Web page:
Ask the Clark Gardener
Dear Fellow Gardeners:
September 7, 2011. Yes, we do have bananas – well, banana plants anyway – 60 of them actually. As visitors enter Clark Botanic Garden, they are greeted by a wide selection of plant varieties in Clark’s seasonal garden beds. Some have colorful flowers, some grow amazingly tall or wide in just one season, some have huge leaves that cause visitors to stop in their tracks and stare. Often, someone asks me for the name of one of these plants and jots it down on a piece of scrap paper. The next question is; “Can I just leave this plant in the ground year around?” I sigh, and once again have to explain to someone that we are looking at a plant that can’t stay out in the winter on Long Island, is not hardy, and cannot live through our winters. Disappointment crosses the questioner’s face, the pencil stub gets put away, and the scrap of paper is crumpled.
The plant that we are talking about is often tropical in origin. The impact of tropical plants in the garden is dramatic. And some are inexpensive enough to be treated as annuals, discarded at the end of the growing season (and purchased or started anew the next). Others can be wintered over indoors with just a little effort.
Here, at Clark Botanic Garden, our modest greenhouse gives us a little more flexibility in preserving our tropical plants. We will bring in some entire plants. We will take cuttings of others or plant offsets. Some have rhizomes or tubers that we will dry out and store in the basement of the Clark house over the winter. And for still others, we will gather seeds to start plants anew in the spring.
Here are a few tropical plants that you might want to start to experiment with at home to preserve from year-to-year:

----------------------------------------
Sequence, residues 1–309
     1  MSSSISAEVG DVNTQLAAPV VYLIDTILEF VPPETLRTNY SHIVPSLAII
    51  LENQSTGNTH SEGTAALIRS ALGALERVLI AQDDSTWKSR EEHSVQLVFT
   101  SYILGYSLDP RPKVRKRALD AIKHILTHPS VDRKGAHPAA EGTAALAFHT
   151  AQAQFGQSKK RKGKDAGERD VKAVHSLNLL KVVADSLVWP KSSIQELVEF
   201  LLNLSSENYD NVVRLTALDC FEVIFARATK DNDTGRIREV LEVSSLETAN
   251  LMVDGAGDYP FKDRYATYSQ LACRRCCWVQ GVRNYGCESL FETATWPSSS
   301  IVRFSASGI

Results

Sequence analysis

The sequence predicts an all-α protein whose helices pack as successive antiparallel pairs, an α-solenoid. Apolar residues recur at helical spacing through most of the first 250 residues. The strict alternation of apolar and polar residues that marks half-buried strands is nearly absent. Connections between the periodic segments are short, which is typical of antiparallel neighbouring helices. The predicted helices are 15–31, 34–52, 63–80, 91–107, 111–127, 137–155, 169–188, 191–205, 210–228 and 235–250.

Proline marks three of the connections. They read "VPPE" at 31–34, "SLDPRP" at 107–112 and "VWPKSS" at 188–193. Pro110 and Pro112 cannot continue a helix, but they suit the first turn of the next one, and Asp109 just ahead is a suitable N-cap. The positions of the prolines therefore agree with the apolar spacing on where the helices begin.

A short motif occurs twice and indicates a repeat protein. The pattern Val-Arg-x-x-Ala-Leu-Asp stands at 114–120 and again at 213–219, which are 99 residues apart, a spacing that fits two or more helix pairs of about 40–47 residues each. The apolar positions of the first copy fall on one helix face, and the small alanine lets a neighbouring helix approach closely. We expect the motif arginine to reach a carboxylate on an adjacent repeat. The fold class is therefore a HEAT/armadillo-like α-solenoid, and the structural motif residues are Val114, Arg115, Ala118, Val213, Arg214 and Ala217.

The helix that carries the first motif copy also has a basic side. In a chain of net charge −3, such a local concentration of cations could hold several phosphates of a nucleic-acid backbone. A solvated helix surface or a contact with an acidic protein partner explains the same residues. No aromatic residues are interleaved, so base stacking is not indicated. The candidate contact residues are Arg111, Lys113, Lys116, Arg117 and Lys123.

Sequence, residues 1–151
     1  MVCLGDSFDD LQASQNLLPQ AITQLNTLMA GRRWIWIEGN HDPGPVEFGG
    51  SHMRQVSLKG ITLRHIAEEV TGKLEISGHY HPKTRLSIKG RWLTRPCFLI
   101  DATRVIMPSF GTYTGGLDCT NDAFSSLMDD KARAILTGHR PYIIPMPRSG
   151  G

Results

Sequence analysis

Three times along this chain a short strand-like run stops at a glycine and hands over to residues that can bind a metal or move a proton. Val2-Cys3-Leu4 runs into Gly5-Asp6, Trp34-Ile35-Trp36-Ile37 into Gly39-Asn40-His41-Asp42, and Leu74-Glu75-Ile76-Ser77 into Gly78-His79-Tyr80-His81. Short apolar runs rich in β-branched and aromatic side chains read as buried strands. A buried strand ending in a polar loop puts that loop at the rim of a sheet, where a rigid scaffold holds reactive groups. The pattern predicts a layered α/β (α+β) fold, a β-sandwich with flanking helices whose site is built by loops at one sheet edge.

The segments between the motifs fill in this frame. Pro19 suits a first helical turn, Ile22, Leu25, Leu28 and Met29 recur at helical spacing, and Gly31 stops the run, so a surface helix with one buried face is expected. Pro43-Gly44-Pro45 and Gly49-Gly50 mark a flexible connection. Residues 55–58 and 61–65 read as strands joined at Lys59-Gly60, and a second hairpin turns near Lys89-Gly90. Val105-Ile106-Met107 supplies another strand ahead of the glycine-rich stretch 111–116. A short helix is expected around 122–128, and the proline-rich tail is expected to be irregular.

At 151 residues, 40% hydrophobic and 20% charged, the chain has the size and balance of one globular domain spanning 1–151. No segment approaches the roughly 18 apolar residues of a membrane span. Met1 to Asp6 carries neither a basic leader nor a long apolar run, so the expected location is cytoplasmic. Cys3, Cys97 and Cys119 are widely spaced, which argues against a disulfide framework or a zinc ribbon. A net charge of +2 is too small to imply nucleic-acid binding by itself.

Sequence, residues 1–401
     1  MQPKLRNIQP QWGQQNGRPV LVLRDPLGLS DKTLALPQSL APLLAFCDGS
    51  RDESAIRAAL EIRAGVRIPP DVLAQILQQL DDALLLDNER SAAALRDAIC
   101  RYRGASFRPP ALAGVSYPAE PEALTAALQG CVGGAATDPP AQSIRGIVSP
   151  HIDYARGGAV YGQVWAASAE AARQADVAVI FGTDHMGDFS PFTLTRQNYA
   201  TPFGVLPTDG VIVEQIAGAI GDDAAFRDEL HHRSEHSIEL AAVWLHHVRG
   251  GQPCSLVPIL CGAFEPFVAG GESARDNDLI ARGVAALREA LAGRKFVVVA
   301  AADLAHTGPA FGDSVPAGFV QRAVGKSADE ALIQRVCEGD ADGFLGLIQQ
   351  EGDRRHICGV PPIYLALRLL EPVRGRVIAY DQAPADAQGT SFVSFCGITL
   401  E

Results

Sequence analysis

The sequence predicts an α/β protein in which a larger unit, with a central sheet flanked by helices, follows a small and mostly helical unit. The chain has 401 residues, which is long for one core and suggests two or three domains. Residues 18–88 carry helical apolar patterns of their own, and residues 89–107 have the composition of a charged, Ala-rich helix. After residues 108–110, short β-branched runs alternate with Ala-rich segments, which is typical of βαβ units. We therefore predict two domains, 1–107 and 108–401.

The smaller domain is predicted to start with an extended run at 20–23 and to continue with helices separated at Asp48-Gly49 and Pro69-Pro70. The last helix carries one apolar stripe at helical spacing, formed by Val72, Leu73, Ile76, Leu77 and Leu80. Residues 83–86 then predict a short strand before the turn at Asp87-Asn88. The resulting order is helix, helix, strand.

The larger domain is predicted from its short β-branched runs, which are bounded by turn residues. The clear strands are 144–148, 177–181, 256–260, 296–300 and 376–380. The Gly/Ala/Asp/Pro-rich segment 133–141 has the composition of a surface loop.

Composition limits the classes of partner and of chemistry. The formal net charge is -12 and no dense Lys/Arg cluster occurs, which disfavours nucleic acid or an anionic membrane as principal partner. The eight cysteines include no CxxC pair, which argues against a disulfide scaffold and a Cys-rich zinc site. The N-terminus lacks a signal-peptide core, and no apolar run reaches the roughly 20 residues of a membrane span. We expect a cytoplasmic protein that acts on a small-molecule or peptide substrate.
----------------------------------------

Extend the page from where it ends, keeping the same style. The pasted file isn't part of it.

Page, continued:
First, our friend the banana. Those 60 banana plants at Clark are of the variety Musa kandarian. There are other varieties of banana plants that you can buy through catalogs, but, in my opinion, none are reliably hardy in our Long Island climate regardless of what the catalogs say. Banana plants can be kept alive indoors over the winter if you have a sunny area. That assumes that your banana plant is small enough to pot up and bring into the house, and that you have an area large enough to accommodate new growth during the winter. Bring in your plant around late October. If you are lucky, your banana might have developed an offset – a small young plant attached to the “mother” plant – which you can cut off (with some roots) and pot up. An offset is often of a more manageable size than the parent plant. If you are saving an offset, you can discard the larger parent plant. I’m seeing a good number of harvestable offsets with Clark’s Musa kandarian.
The next couple of plants are tropical plants often used by many strictly as house plants, Chlorophytum comosum, commonly called a spider plant, and Ficus elastica, commonly called a rubber plant. Bring these plants inside around late September or early October. This year, I used spider plants as border plants along one of Clark’s planting beds. I used two variegated varieties of rubber plants as taller plants in the back of a planting bed. Soon it will also be time to preserve these tropical plants indoors.
One way to over winter spider plants is to snip off the many plantlets that have arisen from the “mother” plants and pot each one up individually. These plantlets will develop their own robust root systems and will probably put out plantlets of their own before winter’s end. These, in turn, can be snipped off and potted up to root. That’s what I’ll do, and by next spring I’ll have enough spider plants to again use them as a border.